DePlume is a Manchester-born, London-based bandleader, composer, saxophonist, activist and orator. He’s a resident at the legendary London creative hub Total Refreshment Centre, a recording artist for the off-grid, Scottish Hebridean island label Lost Map, and now the latest arrival into Chicago-based International Anthem’s growing family of progressive musical explorationists. Whilst much of his music contains vocals – often whispered imperatives – this is a collection of instrumentals, drenched in feeling and recorded over four albums and eight years in cities across the UK.
The music of “To Cy & Lee: Instrumentals Vol. 1” contains naturally elegant orchestration wrapped around something visceral and primordial. Swirled inside the 11 pieces are shades of Japanese Min’yo folk, Celtic folk, the Ethio-jazz of saxophonist Getatchew Mekurya and hints of the pan-human ‘ancient music’ that sat underneath Arthur Russell’s melodies on First Thought, Best Thought. The music is filled with space, inspired, he says, by computer games and Japanese animation, particularly Joe Hisaishi’s soundtrack for Studio Ghibli’s Castle In The Sky.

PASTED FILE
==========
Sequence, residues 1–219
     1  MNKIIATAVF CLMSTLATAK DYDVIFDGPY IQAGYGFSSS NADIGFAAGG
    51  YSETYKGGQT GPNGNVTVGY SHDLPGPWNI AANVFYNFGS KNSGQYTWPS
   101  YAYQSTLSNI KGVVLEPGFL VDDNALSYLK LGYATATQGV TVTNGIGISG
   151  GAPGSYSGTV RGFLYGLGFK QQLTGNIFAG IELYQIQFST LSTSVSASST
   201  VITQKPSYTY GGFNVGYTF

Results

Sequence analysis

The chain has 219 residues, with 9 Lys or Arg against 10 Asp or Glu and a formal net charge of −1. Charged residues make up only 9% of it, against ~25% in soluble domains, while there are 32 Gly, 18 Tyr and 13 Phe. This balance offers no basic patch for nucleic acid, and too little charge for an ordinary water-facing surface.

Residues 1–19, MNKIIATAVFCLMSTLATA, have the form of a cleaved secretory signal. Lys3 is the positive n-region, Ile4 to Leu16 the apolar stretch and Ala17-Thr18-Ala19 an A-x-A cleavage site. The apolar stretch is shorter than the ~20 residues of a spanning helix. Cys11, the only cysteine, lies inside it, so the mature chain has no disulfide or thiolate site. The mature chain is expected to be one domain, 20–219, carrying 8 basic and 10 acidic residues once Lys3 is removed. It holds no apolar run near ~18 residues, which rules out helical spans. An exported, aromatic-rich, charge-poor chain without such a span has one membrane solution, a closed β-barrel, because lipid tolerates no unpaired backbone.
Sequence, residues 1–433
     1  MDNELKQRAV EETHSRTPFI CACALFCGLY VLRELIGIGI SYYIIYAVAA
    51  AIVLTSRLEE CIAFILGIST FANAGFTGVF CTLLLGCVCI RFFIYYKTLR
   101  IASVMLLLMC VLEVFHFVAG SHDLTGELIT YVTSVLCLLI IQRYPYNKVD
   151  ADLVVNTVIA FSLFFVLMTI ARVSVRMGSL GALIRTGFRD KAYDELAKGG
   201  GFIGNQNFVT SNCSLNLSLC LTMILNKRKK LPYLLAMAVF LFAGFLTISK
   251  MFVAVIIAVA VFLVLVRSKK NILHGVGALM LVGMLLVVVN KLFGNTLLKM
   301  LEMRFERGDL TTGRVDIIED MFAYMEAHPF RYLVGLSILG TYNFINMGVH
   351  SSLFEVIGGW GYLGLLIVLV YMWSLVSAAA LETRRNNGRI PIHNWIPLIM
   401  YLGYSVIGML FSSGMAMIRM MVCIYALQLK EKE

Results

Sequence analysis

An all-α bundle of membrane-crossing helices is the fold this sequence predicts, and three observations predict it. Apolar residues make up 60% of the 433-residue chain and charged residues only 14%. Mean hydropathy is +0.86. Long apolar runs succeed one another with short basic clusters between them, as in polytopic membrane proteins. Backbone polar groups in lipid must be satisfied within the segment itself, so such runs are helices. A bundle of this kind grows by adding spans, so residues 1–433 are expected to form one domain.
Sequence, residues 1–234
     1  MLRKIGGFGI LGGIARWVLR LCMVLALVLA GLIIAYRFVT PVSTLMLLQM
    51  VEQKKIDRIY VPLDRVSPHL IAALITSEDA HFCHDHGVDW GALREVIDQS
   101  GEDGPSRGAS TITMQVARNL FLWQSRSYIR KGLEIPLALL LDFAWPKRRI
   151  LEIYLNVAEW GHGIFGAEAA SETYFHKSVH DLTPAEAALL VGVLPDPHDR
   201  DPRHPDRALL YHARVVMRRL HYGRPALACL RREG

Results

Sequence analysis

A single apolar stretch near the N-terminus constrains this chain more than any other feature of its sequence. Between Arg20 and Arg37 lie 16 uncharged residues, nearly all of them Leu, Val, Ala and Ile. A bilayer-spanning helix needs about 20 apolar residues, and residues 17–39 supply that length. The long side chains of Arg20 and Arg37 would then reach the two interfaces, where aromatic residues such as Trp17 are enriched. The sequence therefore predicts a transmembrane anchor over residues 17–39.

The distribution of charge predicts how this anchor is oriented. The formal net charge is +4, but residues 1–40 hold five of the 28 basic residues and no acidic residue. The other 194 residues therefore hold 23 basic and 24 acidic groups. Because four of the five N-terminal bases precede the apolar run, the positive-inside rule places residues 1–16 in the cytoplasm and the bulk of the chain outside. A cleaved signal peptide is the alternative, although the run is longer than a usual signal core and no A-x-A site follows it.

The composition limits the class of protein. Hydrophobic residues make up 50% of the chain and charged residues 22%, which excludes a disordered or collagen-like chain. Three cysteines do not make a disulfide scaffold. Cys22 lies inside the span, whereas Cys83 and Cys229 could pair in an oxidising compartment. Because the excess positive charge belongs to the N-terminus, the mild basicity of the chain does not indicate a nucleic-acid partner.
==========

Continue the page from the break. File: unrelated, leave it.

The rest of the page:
To Cy & Lee has a suitably individual genesis as well. DePlume was working for Ordinary Lifestyles, a charity in North Manchester which supports people with disabilities to live in their own homes and to live fulfilling lives. Specifically, he was working with the titular Cy and Lee. His job was to get the guys socialising and he did this by making up songs with them. They’d make up melodies together, humming tunes in the house when they needed something calm, or when they were haring round the city in a battered car. DePlume would record these impromptu sessions in his phone, then go to the studio and use the material as starting points for songs.
He also ran music sessions for Cy, Lee and their friends. “People would focus on a central point, tuning in to one another. There are things we can’t put into words, which can be expressed with sound and music. These guys have fewer words than us, some of them have none. When we put some feelings into a music expression – that’s liberation.”
It’s a method he uses in live shows wherever possible, placing himself and the musicians in the round. The aim is to maximise the creative benefits that a community of players and listeners can bring to the music. It’s a collectivist and humanist approach to making music that sits underneath everything he does. This is music made for a reason, and those reasons include – to paraphrase some of the catchphrases he uses both on stage and in conversation – mixing people up, asking everyone to be as much themselves as they possibly can and the hardcore encouragement expressed in his most popular line, shouted back at him by audiences wherever he goes: “You’re doing very well!”